I used to think Mozilla's Firefox browser posed the most serious threat to Internet Explorer's dominance in the browser wars, and for a long while, it did. IE's numbers were falling and Firefox's were climbing, but then Chrome joined the battle. A funny thing happened at that point. Firefox, once the most beloved browser by users 'in the know,' took a backseat to Chrome's rapid rise, and now it's anyone's guess what the next year or so will bring. Let's have a look where things stand.
As September came to a close, NetMarketShare has IE out in front with a 53.63 percent of the global browser market, followed by Firefox at 20.08 percent and Chrome at 18.86 percent. In that past two years, that represents a 7.36 percent decline for IE, 3.47 percent decline for Firefox, and a 10.1 percent rise for Chrome. Based on those figures alone, it would appear Chrome is on pace to win the browser wars, first by jumping ahead of Firefox relatively soon, and then by eventually unseating IE.
A closer look at the numbers reveals a different situation entirely. For past 12 months, Chrome's share of the browser market has averaged 18.80 percent, or almost exactly where it's at today, according to NetMarketShare's data. Meanwhile, Firefox has averaged 20.75 percent, which isn't much higher than where it's at today, and IE has averaged 53.34 percent, also pretty close to where it's at today. It would appear, then, that the browser market share among the big 3 has plateaued. If that's the case, then like it or not, IE might always be the most popular browser on the planet, even if not the best option. Or maybe not.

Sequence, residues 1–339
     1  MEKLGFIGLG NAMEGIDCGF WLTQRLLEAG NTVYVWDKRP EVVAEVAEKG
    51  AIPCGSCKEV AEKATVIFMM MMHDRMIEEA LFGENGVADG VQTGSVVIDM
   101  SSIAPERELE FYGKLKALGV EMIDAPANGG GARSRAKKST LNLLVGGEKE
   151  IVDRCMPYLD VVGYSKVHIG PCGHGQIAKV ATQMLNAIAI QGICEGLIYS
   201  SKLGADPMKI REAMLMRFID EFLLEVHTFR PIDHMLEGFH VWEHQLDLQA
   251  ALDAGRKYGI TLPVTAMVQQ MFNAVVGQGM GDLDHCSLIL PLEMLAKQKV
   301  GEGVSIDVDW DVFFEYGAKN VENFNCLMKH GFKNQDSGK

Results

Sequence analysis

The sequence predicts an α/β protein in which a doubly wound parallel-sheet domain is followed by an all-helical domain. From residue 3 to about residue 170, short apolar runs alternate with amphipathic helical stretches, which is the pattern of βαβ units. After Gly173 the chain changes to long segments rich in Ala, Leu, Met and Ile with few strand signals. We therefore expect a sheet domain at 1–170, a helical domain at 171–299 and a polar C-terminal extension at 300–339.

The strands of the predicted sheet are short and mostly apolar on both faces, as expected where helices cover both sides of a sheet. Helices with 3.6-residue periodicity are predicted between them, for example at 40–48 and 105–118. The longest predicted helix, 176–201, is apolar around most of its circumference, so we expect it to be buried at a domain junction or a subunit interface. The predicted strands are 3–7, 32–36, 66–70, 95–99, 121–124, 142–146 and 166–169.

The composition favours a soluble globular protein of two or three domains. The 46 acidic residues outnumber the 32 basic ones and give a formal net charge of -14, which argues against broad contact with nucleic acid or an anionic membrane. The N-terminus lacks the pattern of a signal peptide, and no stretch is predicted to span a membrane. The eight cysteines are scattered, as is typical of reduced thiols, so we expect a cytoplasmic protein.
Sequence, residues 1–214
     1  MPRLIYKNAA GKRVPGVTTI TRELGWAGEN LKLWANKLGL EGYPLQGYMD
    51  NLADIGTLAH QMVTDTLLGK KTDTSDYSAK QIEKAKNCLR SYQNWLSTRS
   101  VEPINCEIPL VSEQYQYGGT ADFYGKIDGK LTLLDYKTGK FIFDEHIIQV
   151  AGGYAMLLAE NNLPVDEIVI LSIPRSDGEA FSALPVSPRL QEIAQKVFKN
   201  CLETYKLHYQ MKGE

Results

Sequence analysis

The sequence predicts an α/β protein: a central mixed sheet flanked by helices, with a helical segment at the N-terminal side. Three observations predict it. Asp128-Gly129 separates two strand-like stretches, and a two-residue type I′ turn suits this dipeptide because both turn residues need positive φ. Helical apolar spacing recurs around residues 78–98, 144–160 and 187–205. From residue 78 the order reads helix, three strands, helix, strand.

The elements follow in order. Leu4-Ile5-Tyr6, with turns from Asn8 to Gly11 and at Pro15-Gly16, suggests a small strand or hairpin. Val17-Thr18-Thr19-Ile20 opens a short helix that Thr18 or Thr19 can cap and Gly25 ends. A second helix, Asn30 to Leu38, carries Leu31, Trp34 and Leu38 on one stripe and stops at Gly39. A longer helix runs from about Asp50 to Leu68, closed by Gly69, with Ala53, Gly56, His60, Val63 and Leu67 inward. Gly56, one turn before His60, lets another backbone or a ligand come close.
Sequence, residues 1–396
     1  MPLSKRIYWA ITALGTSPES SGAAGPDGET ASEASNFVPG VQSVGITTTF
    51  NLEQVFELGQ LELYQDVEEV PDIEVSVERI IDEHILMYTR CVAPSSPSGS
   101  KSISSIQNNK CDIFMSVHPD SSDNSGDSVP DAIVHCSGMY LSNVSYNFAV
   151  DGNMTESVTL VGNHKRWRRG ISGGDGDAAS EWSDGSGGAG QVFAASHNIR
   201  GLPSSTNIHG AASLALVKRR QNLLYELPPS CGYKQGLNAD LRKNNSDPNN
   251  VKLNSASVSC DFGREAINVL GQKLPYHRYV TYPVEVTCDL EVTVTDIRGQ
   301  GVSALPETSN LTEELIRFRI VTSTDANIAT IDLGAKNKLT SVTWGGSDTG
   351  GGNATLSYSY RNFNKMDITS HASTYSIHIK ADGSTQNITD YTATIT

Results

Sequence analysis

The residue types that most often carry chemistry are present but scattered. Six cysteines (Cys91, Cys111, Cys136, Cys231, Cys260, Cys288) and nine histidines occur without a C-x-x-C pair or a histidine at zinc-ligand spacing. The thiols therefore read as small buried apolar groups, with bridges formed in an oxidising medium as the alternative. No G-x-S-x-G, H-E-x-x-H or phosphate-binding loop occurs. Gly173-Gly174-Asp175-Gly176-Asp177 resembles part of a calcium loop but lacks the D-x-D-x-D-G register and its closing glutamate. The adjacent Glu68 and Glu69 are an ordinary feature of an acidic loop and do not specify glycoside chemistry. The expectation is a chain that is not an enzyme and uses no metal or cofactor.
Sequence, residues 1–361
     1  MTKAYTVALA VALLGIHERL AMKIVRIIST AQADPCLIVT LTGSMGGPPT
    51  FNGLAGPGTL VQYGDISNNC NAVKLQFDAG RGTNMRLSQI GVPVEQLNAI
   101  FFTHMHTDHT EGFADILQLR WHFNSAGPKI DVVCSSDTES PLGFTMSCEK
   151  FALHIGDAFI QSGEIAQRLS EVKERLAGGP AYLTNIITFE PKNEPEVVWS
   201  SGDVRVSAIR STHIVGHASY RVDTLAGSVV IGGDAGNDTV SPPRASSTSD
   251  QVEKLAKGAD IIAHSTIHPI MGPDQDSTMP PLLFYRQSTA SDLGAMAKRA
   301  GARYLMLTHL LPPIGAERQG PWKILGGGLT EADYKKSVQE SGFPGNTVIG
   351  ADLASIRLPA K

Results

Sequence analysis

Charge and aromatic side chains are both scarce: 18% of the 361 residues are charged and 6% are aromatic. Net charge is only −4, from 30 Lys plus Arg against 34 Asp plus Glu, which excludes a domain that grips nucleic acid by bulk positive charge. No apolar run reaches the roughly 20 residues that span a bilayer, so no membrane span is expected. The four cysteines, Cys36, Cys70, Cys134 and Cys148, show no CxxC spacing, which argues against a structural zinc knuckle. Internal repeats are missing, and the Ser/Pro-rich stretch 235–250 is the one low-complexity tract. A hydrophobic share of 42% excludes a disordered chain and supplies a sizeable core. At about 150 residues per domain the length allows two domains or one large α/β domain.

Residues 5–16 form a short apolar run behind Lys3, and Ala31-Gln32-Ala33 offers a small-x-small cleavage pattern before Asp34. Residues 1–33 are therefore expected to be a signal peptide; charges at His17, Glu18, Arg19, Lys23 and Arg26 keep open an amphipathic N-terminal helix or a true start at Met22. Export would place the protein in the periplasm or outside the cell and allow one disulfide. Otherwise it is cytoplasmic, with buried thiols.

If we direct our attention to StatCounter's data, Chrome is in first place with a 34.21 percent share of the market, followed by IE at 32.7 percent and Firefox off in a distant third place with a 22.4 percent share. Looking at StatCounter's line graph, Chrome is still on the rise and IE appears to have leveled out, while Firefox is slowly trending downwards.
Talk about confusing. The discrepancy in data has to do with how each firm analyzes browser usage. StatCounter compiles its data based on page views from 3 million websites, while NetMarketShare adds up the number of daily unique visitors from a collection of 40,000 websites.
Is one method better than the other? That's up for debate. The only thing we can say with certainty is that trying to analyze and ultimately decipher the browser wars is a fool's errand.